SYDNEY — Clayton Kershaw flashed his Cy Young form, Scott Van Slyke homered and the Los Angeles Dodgers opened the Major League Baseball season with a 3-1 win over the Arizona Diamondbacks on Saturday night at Sydney Cricket Ground.
A crowd of about 40,000 watched as MLB played its first regular-season game in Australia.
Opening day was a g’day for the National League West champion Dodgers.
Kershaw, who signed a seven-year, $215 million contract in January, allowed one run and five hits in 6 2/3 innings. Van Slyke hit a two-run homer and also doubled.
The first pitch was delayed because of rain for 14 minutes.
The long trip Down Under took even longer for some Arizona players. A team bus had a flat tire, and the Diamondbacks said “a handful” of players decided to walk the last half-mile to the stadium instead of waiting for a replacement bus.
Kershaw was impressive while making his fourth consecutive Opening Day start. He struck out seven, walked one and was pulled by manager Don Mattingly after throwing his 102nd pitch.
It was quite a turnaround from spring training, when the two-time NL Cy Young winner went 0-3 with a 9.20 ERA in four starts.
“Sometimes you just need the adrenaline of a regular-season game, and I just kind of feel relieved to get this one under my belt,” he said.
“It’s always good to get results, obviously,” he said. “This one counted.”
In his previous Opening Day starts, Kershaw was 2-0 with 19 strikeouts in 19 scoreless innings.
“Kershaw did a good job keeping us in the middle of the diamond,” Diamondbacks manager Kirk Gibson said. “He threw a good ballgame against us. We know they’re always going to be close.”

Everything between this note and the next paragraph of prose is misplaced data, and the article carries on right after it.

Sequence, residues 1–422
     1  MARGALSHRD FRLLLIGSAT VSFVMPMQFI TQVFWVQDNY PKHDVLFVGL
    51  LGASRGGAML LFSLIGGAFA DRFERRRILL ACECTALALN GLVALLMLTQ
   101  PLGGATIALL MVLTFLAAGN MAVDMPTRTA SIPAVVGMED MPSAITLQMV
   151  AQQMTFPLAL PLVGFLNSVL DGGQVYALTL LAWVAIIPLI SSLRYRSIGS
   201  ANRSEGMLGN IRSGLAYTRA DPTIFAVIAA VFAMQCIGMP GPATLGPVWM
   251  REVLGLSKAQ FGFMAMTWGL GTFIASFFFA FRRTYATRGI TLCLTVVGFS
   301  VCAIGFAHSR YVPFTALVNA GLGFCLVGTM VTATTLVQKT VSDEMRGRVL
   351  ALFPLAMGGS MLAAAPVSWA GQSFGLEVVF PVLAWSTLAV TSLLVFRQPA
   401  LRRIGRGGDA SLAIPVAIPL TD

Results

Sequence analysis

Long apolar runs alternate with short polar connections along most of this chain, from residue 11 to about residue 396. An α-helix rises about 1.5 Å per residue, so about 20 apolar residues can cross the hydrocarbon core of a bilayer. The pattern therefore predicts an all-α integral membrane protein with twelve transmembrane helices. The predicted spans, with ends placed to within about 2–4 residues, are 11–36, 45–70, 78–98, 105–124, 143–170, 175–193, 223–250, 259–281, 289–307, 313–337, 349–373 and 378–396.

Three relievers kept the Diamondbacks scoreless with hitless work. Chris Perez, a five-time All-Star with Cleveland before joining the Dodgers in the offseason, got the last out in the seventh.
Brian Wilson pitched the eighth, and closer Kenley Jansen got the save. Jansen walked a batter before getting Gerardo Parra to ground out to end the game.
Sydney Cricket Ground was refurbished two weeks ago to create the baseball diamond and an outfield with an 8-foot wall. It was 328 feet down the foul lines and 400 feet to straightaway center.
There were plenty of Dodgers and Diamondbacks uniforms in the crowd, some worn by American visitors and others by Australians who had flown across the country to watch the opener and Sunday’s second game, when another capacity crowd was expected.
They feasted on baseball-style treats like nachos stuffed in batting helmets and Cracker Jack, which is not usually sold in Australia. If you could afford the cost and the calories, a 2-foot-long hot dog sold for $36.
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